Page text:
Again with the ambiguous questions. Are we talking about physical perfection, perfect hairstyle, perfect skills, perfect employee, mother, pet guardian, or blogger?
There was a time when I wanted to be a winner, the best equestrian/fencer among my friends, get the great job, achieve a university degree and have a perfectly trained pet. I also wanted to be thin, elegant and perfectly turned out. To achieve the sport targets, I cycled everywhere, went to the gym twice a week, practised fencing three times per week, swam at least once per week, and rode twice per week. Two nights per week I attended lectures. My dog was drilled every day in heel work, fetch, sit, stay, etc. Sometimes he came to my fencing club and acted as a referee – he was very good at deciding who should get the point. I sat up all night writing essays, slaved all day in the office, and bounced from activity to activity without a breath in between. All the time maintaining a nice hairdo, makeup every day and a separate wardrobe for each aspect of my busy life. Somehow, I never had enough energy to clamber up the career ladder as well. Some things never change, I still don’t make the wisest life decisions, choosing what pleases me over what might bring a financial gain.
As time went by the dog got older and really wasn’t interested in being a superdog – and I had the sense to follow the proverbial advice to “let sleeping dogs lie”. Instead of doing drills every day, he preferred to spend time on the couch with his head on my lap, and I enjoyed that too. I purchased a car to get me from activity to activity, and then realised that the maintenance and running costs considerably reduced my ability to pay the fees to engage in all those activities. There was a gradual slippage in the horse-riding sessions (the most expensive activity). Then my mum became ill and I was her primary carer, so the fencing and the university course were put on hold “until she was better”. Well, old people do some things reliably – they get older, they begin to fail, and then they die. This process can take a long time. The search for perfection lost its importance.
In the early, pre-Google days of wobbly dial up connections, the intrepid browser would be far more focused than we are today. It was go to the desk, fire up the PC, login, listen to the almost satisfying squeal from the modem as it gradually made contact with the intraweb (nb: when did that name come into use?) get the information you wanted and get offline quickly, before the rest of the household raised Cain because [a] the phone bill was rapidly clocking up [b] nobody else could use the phone. In those days, if I came across a site with too many images or advertisements, I would reject it because of the loading time – not just because of [a] and [b] but also because I had too many other things to do.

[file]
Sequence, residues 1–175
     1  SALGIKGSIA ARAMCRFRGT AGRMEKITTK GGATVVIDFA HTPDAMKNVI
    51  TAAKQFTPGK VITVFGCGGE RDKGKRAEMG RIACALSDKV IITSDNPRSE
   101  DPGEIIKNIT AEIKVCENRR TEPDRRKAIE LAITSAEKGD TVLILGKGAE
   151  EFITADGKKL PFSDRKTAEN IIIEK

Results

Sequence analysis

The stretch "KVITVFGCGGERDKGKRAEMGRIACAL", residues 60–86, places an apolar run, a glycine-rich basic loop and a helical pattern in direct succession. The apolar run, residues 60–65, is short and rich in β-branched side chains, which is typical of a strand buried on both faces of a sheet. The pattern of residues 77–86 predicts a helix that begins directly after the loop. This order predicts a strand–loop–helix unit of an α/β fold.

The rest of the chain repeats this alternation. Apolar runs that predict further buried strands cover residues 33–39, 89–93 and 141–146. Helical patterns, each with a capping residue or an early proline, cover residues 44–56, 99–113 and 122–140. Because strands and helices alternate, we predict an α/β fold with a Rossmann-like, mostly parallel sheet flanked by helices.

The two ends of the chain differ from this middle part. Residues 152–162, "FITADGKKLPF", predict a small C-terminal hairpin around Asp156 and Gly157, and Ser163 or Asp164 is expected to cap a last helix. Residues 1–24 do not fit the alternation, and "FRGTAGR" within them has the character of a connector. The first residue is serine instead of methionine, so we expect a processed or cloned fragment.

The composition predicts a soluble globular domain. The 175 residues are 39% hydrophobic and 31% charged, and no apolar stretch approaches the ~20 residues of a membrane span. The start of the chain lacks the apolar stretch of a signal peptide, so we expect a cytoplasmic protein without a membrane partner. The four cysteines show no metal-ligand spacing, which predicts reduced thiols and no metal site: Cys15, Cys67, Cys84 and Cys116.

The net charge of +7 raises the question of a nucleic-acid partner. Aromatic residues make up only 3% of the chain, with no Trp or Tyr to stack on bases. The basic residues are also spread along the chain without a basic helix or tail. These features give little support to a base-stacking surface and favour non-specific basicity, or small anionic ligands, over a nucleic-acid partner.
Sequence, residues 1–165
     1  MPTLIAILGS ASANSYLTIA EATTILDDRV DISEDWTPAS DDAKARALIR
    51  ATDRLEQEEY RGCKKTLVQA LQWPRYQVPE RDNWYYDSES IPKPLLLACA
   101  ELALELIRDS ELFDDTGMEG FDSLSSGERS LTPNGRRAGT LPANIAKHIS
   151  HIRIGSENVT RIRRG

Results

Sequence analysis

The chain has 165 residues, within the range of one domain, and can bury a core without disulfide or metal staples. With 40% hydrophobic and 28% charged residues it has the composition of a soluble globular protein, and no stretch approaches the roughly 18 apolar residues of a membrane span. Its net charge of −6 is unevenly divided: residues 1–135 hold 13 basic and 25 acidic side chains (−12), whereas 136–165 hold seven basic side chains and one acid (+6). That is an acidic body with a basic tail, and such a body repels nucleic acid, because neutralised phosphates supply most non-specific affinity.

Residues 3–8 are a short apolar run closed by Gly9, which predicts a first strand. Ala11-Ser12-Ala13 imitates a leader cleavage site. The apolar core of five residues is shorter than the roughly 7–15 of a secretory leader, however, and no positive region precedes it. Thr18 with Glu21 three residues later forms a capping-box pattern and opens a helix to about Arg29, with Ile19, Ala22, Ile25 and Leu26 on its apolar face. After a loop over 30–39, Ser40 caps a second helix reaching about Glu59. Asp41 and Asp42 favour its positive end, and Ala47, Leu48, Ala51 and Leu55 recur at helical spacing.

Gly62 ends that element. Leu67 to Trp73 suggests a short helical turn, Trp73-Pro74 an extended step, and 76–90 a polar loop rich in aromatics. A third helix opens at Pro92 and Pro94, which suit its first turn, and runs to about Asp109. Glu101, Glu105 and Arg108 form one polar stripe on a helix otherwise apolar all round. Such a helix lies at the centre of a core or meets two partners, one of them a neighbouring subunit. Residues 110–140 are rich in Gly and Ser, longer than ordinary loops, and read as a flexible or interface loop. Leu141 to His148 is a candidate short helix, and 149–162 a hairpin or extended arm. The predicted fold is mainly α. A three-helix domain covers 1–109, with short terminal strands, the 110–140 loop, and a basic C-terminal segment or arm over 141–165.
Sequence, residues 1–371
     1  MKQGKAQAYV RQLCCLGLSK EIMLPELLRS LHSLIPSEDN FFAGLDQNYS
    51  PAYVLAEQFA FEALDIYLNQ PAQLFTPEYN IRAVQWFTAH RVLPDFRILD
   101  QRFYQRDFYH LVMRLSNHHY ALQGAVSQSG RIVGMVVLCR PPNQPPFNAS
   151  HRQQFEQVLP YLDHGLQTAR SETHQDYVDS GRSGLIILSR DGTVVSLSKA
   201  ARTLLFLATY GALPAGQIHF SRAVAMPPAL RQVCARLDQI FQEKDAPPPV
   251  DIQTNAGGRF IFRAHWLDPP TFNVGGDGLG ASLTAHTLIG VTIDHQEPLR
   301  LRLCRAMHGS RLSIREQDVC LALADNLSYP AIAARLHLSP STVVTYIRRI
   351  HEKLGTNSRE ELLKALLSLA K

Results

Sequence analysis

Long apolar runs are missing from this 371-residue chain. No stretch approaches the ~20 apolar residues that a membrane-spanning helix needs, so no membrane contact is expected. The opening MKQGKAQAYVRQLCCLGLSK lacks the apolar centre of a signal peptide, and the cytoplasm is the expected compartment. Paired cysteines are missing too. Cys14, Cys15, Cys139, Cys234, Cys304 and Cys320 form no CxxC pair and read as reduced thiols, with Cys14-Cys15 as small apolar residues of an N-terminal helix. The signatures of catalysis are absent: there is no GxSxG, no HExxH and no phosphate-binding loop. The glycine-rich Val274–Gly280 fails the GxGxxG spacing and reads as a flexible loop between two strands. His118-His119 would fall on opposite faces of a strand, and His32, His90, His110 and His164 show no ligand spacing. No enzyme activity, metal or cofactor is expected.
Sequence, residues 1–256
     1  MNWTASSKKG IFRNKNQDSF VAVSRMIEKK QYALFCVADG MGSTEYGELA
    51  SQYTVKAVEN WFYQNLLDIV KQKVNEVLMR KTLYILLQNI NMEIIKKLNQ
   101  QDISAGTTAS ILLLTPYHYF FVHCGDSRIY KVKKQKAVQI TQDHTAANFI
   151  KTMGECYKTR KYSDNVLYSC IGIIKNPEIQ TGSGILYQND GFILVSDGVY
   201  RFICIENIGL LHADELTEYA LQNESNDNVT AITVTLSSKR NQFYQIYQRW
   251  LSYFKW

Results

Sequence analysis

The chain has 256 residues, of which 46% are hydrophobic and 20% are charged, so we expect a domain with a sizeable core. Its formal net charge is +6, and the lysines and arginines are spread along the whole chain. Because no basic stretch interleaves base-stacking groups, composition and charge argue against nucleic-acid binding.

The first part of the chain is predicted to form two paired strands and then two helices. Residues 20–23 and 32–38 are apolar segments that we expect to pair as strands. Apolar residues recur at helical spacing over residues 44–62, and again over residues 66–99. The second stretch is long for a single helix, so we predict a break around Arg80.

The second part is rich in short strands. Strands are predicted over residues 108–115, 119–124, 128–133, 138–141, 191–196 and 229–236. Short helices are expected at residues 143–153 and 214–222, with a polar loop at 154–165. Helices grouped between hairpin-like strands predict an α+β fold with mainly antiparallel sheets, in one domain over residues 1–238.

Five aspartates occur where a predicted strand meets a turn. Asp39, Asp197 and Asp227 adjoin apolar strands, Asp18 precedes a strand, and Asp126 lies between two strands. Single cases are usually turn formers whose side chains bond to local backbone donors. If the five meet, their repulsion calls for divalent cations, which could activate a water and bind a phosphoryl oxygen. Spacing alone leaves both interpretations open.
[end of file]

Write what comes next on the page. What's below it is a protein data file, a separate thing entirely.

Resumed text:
These days you just have to pick up your smart phone and you are in – Zero to Overkill – indiscriminate information overload in seconds. Thankfully, I’m older now, I’ve done my time striving to be the best at this, an expert in that. If I’d had the same access way back when I was all gung-ho and action, I would probably have imploded. My interest now lies with the wellbeing of the animals in my care, cultivating my ever-growing indoor jungle, getting through the reading list that was originally suggested by the long-ago degree course and has grown exponentially since then, making my pictures, and this current obsession with blogging, some of which I wrote about in Pressure: Who is responsible. So when I go online, it’s generally to refer to the Great Oracle (Google) for bits and pieces of information on these topics, or to check in on how friends I don’t get to see very often are doing. I’m wise enough now to be selective about what I take from consulting the Great Oracle. Each of the dogs came to me as adults, from different rescue situations, so they are not perfectly behaved, and I don’t mind, because they are happy and healthy and that’s the main thing. The cats are behaving, as far as I can tell with my limited experience, like normal cats – I’m having fund observing them and learning how to understand them. I’ve realised that plants will grow well for me regardless of how assiduously (or not) I care for them. The process of making pictures is far more satisfying than looking at them when they are done (although when they come out well, it does feel good). I’m about two stone heavier, and on days off, when I’m digging into what I like to do, my hair looks like a haystack, and I don’t care.
So, in answer to the question, no I don’t feel the pressure to be perfect any more, and ever since broadband became available, I’m very grateful that I don’t.